In addition to high production costs, these traditional electrode arrangements have the disadvantage of requiring a great deal of experience and expenditure for the implantation.
Also known are electrode arrangements, which are not intended for a permanent attachment in the ventricle or the atrium (so-called “floating” arrangements) and are easier to implant, are cheaper and require less knowledge for the implantation. These electrode arrangements are known primarily from implantable defibrillator arrangements, but are also used with pacemakers.
An early arrangement of this type is disclosed in the U.S. Pat. No. 3,915,714.
The European Patent Application EP 0 601 338 A1 describes an electrode system for an implanted defibrillator, comprising at least two intravascular positioned coil electrodes (spiral-type electrodes), held in place without special fasteners, simply because of their size. One of these large-surface defibrillation electrodes can be arranged specifically in the vena cava superior.
The European Patent Application EP-O 677 301-A1 discloses an electrode catheter for use with a defibrillator, which comprises an elongated, cylindrical electrode with a covering that can be moved along the electrode lead, thereby permitting a displacement of the effective electrode region. For example, the catheter can be adjusted such that a first electrode is positioned in the ventricle and that the electrode region, positioned through movement of the covering, is located in the vena cava superior.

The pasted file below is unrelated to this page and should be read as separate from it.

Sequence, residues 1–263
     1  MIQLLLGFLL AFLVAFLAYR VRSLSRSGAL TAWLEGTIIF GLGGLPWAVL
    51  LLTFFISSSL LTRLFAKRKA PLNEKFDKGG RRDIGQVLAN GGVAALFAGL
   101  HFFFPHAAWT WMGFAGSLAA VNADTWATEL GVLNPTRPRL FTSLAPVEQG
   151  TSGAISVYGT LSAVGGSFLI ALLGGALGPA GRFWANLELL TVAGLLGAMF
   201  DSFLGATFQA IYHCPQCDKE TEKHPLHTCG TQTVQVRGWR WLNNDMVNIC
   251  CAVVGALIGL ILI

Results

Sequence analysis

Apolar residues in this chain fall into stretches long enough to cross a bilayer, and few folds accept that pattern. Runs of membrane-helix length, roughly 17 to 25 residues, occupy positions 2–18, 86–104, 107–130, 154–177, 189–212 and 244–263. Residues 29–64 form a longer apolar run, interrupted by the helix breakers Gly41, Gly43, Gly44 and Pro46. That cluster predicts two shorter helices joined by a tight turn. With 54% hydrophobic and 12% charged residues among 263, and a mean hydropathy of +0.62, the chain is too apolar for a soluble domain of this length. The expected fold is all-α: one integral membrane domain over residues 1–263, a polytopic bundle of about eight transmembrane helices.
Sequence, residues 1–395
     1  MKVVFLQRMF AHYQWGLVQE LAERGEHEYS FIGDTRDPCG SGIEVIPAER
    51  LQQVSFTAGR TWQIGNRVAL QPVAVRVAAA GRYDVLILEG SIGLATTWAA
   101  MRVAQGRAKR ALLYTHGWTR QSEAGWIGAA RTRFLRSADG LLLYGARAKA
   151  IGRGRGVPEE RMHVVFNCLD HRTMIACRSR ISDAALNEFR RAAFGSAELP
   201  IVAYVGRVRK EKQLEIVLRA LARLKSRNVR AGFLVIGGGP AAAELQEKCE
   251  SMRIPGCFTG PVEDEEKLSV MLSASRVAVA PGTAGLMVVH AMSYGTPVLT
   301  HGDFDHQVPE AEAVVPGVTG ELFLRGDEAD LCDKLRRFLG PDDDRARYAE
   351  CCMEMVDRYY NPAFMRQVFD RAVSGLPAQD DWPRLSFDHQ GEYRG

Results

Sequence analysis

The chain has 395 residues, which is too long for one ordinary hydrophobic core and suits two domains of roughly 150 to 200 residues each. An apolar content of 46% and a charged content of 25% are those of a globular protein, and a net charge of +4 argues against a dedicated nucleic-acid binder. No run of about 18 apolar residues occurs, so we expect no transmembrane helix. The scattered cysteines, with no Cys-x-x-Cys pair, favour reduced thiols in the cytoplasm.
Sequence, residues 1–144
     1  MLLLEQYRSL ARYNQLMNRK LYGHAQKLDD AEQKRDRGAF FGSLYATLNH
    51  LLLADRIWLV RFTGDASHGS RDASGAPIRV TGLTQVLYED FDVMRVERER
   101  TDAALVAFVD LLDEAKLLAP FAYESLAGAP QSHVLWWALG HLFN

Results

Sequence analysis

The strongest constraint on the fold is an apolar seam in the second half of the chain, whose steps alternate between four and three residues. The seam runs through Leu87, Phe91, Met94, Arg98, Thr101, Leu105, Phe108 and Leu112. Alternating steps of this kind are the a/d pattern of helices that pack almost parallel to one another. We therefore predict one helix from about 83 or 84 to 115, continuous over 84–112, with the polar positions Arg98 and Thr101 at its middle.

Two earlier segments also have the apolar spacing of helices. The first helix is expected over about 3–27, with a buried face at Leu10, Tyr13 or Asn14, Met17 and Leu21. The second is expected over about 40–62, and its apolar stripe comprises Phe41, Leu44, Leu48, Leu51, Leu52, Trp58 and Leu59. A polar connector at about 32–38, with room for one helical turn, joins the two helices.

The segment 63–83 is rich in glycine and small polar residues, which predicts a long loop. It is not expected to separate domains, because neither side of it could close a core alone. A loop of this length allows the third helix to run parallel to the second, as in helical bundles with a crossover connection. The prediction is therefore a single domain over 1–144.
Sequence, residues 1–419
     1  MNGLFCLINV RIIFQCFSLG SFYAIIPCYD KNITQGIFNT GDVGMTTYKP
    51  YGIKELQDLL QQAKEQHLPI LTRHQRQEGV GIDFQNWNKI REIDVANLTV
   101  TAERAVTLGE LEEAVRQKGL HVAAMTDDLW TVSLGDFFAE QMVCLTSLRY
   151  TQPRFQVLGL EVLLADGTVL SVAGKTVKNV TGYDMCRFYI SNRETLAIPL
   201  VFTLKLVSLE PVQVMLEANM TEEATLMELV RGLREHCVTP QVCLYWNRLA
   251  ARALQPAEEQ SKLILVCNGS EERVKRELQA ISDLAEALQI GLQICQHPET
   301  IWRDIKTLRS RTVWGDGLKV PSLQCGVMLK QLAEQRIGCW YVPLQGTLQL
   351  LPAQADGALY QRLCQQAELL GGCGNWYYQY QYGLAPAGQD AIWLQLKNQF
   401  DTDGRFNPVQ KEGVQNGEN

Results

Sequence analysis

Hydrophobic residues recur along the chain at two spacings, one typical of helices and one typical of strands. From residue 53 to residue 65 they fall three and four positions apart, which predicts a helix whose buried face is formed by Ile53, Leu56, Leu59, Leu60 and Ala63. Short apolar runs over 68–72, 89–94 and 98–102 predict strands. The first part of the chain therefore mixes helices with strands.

In past clinical experiments, pacing electrodes that float in the heart could not ensure with sufficient certainty a reliable stimulation, given the available stimulus pulse voltage and making economic use of the limited battery capacity, to allow for a worthwhile practical operation.
Apart from the aforementioned practical problems, the traditional method of transmitting the stimulation pulses from an implanted pacemaker via electrodes installed in the wall to the excitable muscle tissue of the heart inside wall, in the lower region of the ventricle or the atrium, cannot lead to satisfactory results in a number of frequently occurring arrhythmias, owing to basic physiological considerations. This procedure is designed to stimulate regions in the lower hierarchical planes of the cardiac stimulus generating and conduction system. The procedure can require, for example, a technically involved two-chamber stimulation (in the atrium and ventricle), even for clinical pictures shaped by a sinus node defect, but where the remaining stimulus conduction system is for the most part intact.